NEW YORK -- It didn't happen the way the Milwaukee Bucks -- or anyone on Earth -- envisioned it, but they're in the conference finals. After wasting what looked like a golden opportunity in Game 1, bumbling through the most putrid performance any team has had in these playoffs in Game 2, delivering an even worse offensive showing in Game 3 and blowing a 17-point lead (and another injury-induced opportunity) in Game 5, they sent the Brooklyn Nets packing in Game 7 at Barclays Center.
The Bucks survived 53 grueling minutes and a series full of twists and turns with a 115-111 overtime win on Saturday, four days after Kevin Durant seemingly lit the entire franchise on fire in the same building. They survived Brook Lopez coming out of a late-game timeout unaware that only two seconds remained on the shot clock, committing a tragic turnover that directly led to an almost-legendary Durant shot with 1.6 seconds left in regulation.
About that Durant shot: He caught the ball well beyond the 3-point line on the right side of the floor, took two dribbles to his left, spun the other way, stepped back and made a jumper with P.J. Tucker draped all over him. It would have been an absolute prayer if almost anyone else in NBA history had taken it. It surprised nobody when it fell through the net.
"I actually just laughed after he made it because it was incredible," Tucker said. "I actually appreciated it, being a fan of the game. You see somebody make that kind of shot, you gotta appreciate it, even though it's on you."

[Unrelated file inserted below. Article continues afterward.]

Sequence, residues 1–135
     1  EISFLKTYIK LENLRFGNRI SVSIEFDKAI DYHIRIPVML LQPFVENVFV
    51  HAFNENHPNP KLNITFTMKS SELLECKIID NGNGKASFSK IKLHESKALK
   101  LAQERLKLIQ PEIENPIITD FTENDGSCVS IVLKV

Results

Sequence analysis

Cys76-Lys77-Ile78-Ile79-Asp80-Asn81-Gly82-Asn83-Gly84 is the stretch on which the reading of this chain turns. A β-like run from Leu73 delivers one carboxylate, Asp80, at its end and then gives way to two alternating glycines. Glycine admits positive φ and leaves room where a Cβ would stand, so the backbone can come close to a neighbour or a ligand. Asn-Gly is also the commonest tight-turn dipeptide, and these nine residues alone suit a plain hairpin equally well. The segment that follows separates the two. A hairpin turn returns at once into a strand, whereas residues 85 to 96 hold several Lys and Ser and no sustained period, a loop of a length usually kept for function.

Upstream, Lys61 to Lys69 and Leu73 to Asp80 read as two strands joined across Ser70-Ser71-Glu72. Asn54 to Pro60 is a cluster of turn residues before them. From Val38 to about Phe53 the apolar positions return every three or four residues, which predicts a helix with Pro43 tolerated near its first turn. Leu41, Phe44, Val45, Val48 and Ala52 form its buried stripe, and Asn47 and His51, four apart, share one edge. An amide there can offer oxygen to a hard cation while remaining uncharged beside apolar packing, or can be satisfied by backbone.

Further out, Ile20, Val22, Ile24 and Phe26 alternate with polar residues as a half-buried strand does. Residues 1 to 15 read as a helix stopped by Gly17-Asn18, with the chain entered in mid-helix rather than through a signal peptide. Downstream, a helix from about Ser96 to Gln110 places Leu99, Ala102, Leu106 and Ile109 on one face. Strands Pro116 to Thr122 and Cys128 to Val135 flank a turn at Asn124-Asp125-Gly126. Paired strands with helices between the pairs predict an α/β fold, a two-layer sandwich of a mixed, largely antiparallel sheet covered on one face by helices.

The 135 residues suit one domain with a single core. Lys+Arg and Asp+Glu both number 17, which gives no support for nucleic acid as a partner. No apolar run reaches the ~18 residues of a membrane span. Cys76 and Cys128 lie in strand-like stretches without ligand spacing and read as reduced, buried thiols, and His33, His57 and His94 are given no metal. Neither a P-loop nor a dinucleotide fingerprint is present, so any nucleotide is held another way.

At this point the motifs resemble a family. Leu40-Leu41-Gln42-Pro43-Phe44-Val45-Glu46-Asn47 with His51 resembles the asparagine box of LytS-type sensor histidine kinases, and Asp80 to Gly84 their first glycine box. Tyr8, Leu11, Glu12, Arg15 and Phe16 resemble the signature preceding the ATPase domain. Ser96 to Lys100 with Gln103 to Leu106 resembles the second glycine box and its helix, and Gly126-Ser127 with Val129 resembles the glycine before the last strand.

"A couple of us said, 'We got lucky his toe was on the line,'" the Bucks' Khris Middleton said.
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Durant played every second and finished with 48 points on 17-for-36 shooting, with nine rebounds, and six assists. In far and away the biggest game of his career, Giannis Antetokounmpo scored 40 points on 15-for-24 shooting, with 13 rebounds and five assists. Fans loudly counted each of the seconds Antetokounmpo took to gear up for his 14 free throws, and, though he air-balled one of them, he made a respectable eight. Both he and James Harden, the latter playing his third consecutive game through what he revealed to be a Grade 2 hamstring strain, banked in 3-pointers.
For Milwaukee, the victory was a monument to sticking with it. The Bucks entered Game 7 having lost all four games they'd played in Brooklyn this season. They'd scored 102 points per 100 possessions in Games 1 through 6, which would've ranked dead last in the regular season. Near the end of the first half, they trailed by double digits. They came back despite Tucker committing his fifth foul with 7:11 left in the fourth quarter and Jrue Holiday committing his fifth about two minutes later.
Holiday was shooting 2-for-17 and 0-for-5 from 3-point range when he made a spot-up 3 with 5:23 left in regulation. He followed that up by assisting Middleton on a 3, then making a step-back 3, a pull-up 2 and a pair of free throws before overtime began. Middleton missed 12 of his first 16 shots, but made the go-ahead bucket -- a spinning turnaround over Bruce Brown from 13 feet -- off a pick-and-roll with 40 seconds left.
Middleton's clutch shot was one of three field goals made by either team in the extra period. The Bucks were scoreless in overtime until Antetokounmpo rattled in a jump hook over Durant with 1:12 on the clock. Durant had a chance to avoid elimination in the final seconds and took another toe-on-the-line turnaround. This time, against Holiday, the shot didn't even reach the rim.